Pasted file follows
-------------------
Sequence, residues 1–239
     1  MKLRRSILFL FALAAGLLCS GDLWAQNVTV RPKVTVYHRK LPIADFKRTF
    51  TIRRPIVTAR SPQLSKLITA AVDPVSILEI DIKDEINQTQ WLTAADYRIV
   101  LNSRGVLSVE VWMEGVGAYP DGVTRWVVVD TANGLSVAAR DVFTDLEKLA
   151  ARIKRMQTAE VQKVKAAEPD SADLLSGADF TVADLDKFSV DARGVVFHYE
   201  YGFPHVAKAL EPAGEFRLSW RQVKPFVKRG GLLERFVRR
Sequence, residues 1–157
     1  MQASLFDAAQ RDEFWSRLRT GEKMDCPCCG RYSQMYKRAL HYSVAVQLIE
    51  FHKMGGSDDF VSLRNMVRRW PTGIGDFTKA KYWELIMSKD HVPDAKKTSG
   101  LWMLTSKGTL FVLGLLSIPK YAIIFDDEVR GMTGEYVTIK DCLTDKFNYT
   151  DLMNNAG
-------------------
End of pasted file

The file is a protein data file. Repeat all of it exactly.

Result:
Sequence, residues 1–239
     1  MKLRRSILFL FALAAGLLCS GDLWAQNVTV RPKVTVYHRK LPIADFKRTF
    51  TIRRPIVTAR SPQLSKLITA AVDPVSILEI DIKDEINQTQ WLTAADYRIV
   101  LNSRGVLSVE VWMEGVGAYP DGVTRWVVVD TANGLSVAAR DVFTDLEKLA
   151  ARIKRMQTAE VQKVKAAEPD SADLLSGADF TVADLDKFSV DARGVVFHYE
   201  YGFPHVAKAL EPAGEFRLSW RQVKPFVKRG GLLERFVRR
Sequence, residues 1–157
     1  MQASLFDAAQ RDEFWSRLRT GEKMDCPCCG RYSQMYKRAL HYSVAVQLIE
    51  FHKMGGSDDF VSLRNMVRRW PTGIGDFTKA KYWELIMSKD HVPDAKKTSG
   101  LWMLTSKGTL FVLGLLSIPK YAIIFDDEVR GMTGEYVTIK DCLTDKFNYT
   151  DLMNNAG